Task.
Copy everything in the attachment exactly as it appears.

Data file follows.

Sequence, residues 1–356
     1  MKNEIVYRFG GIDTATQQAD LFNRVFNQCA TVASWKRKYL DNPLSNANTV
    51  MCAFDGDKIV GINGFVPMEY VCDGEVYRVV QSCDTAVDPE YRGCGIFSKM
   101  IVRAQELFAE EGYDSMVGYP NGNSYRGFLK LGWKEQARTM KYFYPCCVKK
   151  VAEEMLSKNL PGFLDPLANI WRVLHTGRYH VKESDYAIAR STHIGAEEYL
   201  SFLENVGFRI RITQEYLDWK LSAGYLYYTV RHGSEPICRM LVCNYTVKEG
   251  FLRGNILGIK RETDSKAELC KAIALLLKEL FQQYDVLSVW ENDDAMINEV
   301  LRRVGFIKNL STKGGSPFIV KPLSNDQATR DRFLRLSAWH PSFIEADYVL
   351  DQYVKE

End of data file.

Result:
Sequence, residues 1–356
     1  MKNEIVYRFG GIDTATQQAD LFNRVFNQCA TVASWKRKYL DNPLSNANTV
    51  MCAFDGDKIV GINGFVPMEY VCDGEVYRVV QSCDTAVDPE YRGCGIFSKM
   101  IVRAQELFAE EGYDSMVGYP NGNSYRGFLK LGWKEQARTM KYFYPCCVKK
   151  VAEEMLSKNL PGFLDPLANI WRVLHTGRYH VKESDYAIAR STHIGAEEYL
   201  SFLENVGFRI RITQEYLDWK LSAGYLYYTV RHGSEPICRM LVCNYTVKEG
   251  FLRGNILGIK RETDSKAELC KAIALLLKEL FQQYDVLSVW ENDDAMINEV
   301  LRRVGFIKNL STKGGSPFIV KPLSNDQATR DRFLRLSAWH PSFIEADYVL
   351  DQYVKE